Prior to the pandemic, Pfizer and Zipline had already collaborated on projects in Ghana providing essential medicines to remote communities. But the pandemic presented an unprecedented test for the partners: Zipline had never delivered a product like the mRNA vaccine with such strict temperature requirements. The partners had to work closely together to ensure that the vaccine could be distributed quickly and safely at global and national scales.

Scaling for drone delivery

Preparing the mRNA vaccine for drone delivery in Ghana was not as simple as “package it up and fly it out.” It required months of extensive planning, testing, and ensuring that strict safety protocols were met.

Every detail down to packaging size mattered. For the global vaccine rollout, Pfizer’s mRNA vaccine was packaged in units of 195 vial trays, with up to 5 trays per shipping box — to maximize the number of doses per shipment. But for the drone delivery program, Zipline needed to develop a smaller packaging unit with input from Pfizer.

Pfizer worked closely with Zipline to develop a thermal box where the vaccine can be safely transported at 2 to 8 degrees Celsius.

The secondary packaging allows for variability in the number of vaccine orders from health clinics. It can carry between one and 25 vials.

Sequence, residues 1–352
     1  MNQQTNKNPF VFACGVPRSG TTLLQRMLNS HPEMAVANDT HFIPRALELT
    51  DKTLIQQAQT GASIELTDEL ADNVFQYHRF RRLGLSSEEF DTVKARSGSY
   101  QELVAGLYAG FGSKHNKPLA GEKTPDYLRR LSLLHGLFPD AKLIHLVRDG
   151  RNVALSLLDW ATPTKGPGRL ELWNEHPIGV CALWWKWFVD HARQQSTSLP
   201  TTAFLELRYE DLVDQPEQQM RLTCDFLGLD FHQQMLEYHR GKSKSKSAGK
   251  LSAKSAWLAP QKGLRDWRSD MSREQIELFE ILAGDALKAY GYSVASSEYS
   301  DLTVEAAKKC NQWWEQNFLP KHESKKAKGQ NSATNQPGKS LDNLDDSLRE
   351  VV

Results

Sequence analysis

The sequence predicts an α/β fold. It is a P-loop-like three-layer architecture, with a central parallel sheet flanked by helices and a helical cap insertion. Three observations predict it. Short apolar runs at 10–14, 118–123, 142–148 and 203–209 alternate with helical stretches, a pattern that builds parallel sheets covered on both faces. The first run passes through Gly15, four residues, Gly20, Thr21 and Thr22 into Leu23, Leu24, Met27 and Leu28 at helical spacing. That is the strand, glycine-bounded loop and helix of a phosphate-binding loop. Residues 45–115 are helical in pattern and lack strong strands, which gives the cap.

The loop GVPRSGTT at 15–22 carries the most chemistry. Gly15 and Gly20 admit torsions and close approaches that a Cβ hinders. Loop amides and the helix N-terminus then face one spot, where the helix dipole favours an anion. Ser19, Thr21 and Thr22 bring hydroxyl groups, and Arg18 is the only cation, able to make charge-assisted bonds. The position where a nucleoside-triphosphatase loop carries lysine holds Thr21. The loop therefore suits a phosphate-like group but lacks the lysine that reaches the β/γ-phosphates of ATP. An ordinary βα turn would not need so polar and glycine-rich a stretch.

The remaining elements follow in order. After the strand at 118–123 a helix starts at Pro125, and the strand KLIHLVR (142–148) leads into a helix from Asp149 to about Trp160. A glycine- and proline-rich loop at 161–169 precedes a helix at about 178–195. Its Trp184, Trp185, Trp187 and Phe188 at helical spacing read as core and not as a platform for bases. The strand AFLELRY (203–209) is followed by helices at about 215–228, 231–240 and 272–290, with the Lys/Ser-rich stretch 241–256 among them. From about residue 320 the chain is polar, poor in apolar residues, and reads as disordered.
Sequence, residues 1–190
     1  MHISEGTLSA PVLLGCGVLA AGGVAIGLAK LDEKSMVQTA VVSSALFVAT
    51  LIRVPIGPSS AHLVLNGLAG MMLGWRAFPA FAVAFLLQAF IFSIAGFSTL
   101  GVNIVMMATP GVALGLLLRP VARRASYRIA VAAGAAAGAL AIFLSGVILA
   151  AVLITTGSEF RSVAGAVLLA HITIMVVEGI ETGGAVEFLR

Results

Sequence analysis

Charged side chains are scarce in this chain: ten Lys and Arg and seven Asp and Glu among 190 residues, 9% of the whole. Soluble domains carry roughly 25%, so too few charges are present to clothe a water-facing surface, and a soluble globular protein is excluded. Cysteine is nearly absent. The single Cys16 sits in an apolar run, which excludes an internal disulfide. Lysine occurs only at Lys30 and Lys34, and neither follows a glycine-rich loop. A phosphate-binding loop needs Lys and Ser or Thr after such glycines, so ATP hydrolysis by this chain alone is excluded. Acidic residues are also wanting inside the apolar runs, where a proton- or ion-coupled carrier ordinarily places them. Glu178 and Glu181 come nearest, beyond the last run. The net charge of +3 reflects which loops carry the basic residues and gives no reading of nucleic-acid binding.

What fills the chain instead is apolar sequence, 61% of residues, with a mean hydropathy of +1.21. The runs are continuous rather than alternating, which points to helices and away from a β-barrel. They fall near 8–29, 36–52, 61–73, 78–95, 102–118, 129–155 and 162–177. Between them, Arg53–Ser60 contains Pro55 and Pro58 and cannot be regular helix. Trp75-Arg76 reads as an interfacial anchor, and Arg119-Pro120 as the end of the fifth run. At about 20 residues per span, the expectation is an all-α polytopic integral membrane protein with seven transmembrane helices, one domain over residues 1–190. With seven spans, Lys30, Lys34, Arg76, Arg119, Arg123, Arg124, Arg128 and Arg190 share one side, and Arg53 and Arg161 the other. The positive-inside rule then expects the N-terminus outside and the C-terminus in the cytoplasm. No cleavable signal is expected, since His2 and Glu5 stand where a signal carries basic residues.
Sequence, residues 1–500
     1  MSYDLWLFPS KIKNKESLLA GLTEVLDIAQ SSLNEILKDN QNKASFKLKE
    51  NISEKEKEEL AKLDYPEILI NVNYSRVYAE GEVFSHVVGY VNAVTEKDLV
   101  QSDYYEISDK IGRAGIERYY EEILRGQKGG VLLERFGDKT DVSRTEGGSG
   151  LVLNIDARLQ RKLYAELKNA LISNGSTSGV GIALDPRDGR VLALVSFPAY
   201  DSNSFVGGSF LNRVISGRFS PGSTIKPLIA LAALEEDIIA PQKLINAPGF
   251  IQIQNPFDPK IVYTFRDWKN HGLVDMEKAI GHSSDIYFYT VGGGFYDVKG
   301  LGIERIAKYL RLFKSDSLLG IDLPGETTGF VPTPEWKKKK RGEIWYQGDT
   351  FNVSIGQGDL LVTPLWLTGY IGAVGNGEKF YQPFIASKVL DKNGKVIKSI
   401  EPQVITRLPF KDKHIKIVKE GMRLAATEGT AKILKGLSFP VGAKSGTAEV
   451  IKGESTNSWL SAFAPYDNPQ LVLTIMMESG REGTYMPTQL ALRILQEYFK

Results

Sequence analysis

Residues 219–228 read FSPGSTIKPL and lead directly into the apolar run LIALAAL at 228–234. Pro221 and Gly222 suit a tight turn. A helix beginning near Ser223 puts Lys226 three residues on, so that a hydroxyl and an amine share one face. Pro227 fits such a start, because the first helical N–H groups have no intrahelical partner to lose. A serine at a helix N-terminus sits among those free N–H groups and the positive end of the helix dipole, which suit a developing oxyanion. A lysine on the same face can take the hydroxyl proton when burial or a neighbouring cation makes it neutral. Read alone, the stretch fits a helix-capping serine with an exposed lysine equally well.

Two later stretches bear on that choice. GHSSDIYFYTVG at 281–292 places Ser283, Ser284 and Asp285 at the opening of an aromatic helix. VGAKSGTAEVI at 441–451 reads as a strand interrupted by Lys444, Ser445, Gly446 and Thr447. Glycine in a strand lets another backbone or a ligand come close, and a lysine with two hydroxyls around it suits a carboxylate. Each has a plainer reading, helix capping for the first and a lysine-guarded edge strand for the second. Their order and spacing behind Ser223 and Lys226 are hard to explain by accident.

Leading up to the first drone drop, Pfizer and Zipline performed a test run of their entire supply chain from Belgium to last-mile health posts in Ghana. Sharing the results in a white paper, they hope the data and learnings can be leveraged by other vaccine makers and stakeholders.

“Whatever capabilities we developed, it wasn’t something we created exclusively for Pfizer; we wanted it available for any pharmaceutical coming down the pipeline to take advantage of this,” says Jean.

“No dose wasted”

Since the project launched in Ghana last November, Zipline drones have delivered some 150,000 doses of the Pfizer mRNA COVID-19 vaccine.

Here’s how the journey works →

Since most of the facilities lack ultracold storage, the clinic receives just enough product to vaccinate the people present. “When they need more, they’re able to call on us and no dose gets wasted,” says Kwasi Antwi, Health Systems Integration Lead, Zipline Ghana

Many of the people in these communities are accustomed to waiting for hours to receive vaccines, often sacrificing a day of work. But thanks to the efficiency of drone delivery, patients can now show up and receive their vaccines in under 30 minutes.

Mothers are very comfortable when they come to our clinics because they know they don’t have to wait for hours. They can receive their vaccines quickly and go back to their farms. It becomes a very efficient way to encourage mothers to come get their vaccines.

Rebuild the health
system of tomorrow

As the pandemic has reinforced, no one entity alone can tackle global health inequities. But Pfizer and Zipline’s partnership underscores how close collaboration and leveraging technology can truly make an impact in bridging the global health gap.

Caroline Roan, Chief Sustainability Officer, Senior Vice President of Global Health & Social Impact at Pfizer